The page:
Should You Replace Your Furnace and AC with a Heat Pump?
These days, greener is better, and so is saving money on your energy bills. Furnaces and AC units are typically the biggest guzzlers, and account for 43% of monthly expenses.
Heating and cooling costs will depend on your region, but Americans spend $875 annually on average. One way to circumvent these high costs is to invest in a heat pump. They don’t use fossil fuels, and can reduce heating and cooling costs by as much as 75 percent.
There are a lot of variables to consider, so this article will go over some of the heat pumps available, and whether you should replace your current HVAC system with one of them.
What Is a Heat Pump?
An air-to-air heat pump is an energy-efficient, ductless way to heat and cool your home. These heat pumps consist of an indoor and outdoor unit that are connected through simple refrigerant and drain hose pipes.
Installation is fairly easy, and only requires a wall for the indoor unit to attach to, as well as space outside for the outdoor unit, ideally just on the other side of an exterior wall.
Heat pumps draw in cold air from the outside, turn it into warm air with a refrigerant, and transfer it inside during colder seasons. When it’s warm outside, this process is reversed, and the heat pump draws hot air from inside the house to provide cool air.
How Does it Work?
The indoor wall unit is controlled by a thermostat, just like a furnace, so you can adjust the settings and temperature easily. The outdoor unit has a fan and looks similar to central air conditioning outdoor units. The difference is, a heat pump provides heat as well as cool air, depending on the home’s needs.
Air-to-air heat pumps are actually quite simple, and work from a basic system that includes a compressor, condenser, refrigerant, and fans—again, very similar to central air conditioning systems.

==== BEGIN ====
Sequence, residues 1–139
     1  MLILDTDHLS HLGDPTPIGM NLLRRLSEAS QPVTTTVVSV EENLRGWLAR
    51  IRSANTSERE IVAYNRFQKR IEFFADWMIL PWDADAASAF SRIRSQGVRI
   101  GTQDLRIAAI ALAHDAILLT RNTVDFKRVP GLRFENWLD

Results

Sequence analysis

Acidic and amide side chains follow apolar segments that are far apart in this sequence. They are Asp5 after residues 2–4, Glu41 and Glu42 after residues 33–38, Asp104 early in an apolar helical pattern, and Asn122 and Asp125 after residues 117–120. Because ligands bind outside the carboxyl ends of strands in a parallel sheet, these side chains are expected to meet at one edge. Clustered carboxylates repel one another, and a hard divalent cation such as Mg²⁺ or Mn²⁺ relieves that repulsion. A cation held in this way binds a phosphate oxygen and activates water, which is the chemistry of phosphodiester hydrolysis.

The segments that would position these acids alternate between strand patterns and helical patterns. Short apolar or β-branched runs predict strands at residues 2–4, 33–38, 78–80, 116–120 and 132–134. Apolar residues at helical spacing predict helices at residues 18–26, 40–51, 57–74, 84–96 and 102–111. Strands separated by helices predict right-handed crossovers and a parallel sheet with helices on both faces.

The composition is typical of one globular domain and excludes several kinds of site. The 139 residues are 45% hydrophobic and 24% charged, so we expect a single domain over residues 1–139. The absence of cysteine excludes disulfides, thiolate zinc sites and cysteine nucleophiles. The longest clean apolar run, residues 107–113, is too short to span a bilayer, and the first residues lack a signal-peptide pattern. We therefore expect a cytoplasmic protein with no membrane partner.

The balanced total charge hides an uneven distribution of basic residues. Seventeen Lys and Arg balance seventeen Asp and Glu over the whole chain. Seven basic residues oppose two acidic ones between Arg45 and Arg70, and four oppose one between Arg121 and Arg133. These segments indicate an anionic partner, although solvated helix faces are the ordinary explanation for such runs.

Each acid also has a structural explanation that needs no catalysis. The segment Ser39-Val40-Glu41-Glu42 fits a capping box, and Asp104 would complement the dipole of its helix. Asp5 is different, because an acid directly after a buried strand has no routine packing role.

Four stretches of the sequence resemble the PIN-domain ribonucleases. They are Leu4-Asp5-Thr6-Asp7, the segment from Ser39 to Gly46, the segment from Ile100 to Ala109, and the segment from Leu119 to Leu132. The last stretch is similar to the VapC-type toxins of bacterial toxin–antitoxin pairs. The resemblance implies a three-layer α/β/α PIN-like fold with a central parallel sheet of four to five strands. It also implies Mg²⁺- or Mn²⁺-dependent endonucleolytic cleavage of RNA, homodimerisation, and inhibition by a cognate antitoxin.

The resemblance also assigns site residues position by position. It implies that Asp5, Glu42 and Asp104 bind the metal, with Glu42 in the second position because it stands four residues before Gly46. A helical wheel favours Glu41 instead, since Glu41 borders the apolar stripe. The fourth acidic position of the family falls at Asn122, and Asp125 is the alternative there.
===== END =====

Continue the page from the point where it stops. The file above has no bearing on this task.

A refrigerant line carries the hot air to the indoor unit, which also has a fan that pumps out the heat. To cool the home, the two units reverse the process, and the indoor unit draws in warm air through the fan, sends it through the refrigerant line, where the outdoor unit pushes that warm air out, and returns cool air in.
Can It Heat the Whole House?
Essentially, air-to-air heat pumps may be able to heat your whole home. However, there are many variables at play. Hot and cold air are only transferred from the spot where the indoor unit is installed, so a single heat pump will work best on open floor plans, smaller homes, in areas that don’t experience harsh winters, or as an energy-efficient space heater.
For larger homes and colder climates, there are multi-zone heat pumps in addition to single-zone models meant for whole-home heating and cooling. The multi-zone heat pumps have one outdoor unit with 2-4 indoor units (or heads) to cover every area of your home.
Performance of heat pumps has improved dramatically in recent years, allowing even single unit models to draw heat from sub-zero outdoor conditions. Heat pumps can also be installed to work alongside a furnace system so that extra heat is provided during the coldest months in what is called a dual fuel system.
Heat Pump vs Air Conditioner
You may wonder if an air-to-air heat pump can cool the home as efficiently as a central air conditioning unit. The thing is, they are essentially the same thing. When the heat pump is in cool mode, it works in the very same way as your typical AC unit by pulling in warm air from the home, and then cooling it with a refrigerant. Fans then push that cooled air back into the home.
In terms of efficiency, heat pumps out-do air conditioners every time, although check the SEER rating of any appliance to see how energy-efficient it is and look for ENERGY STAR labels, as well. In general, a heat pump will use five times less energy than an air conditioner.
They will also outperform air conditioners when temperatures start to get really hot. An AC unit only has a certain capacity until it can’t cool your home faster than the outside is heating up. A heat pump won’t have that problem, as they maintain their ability to cool at all times.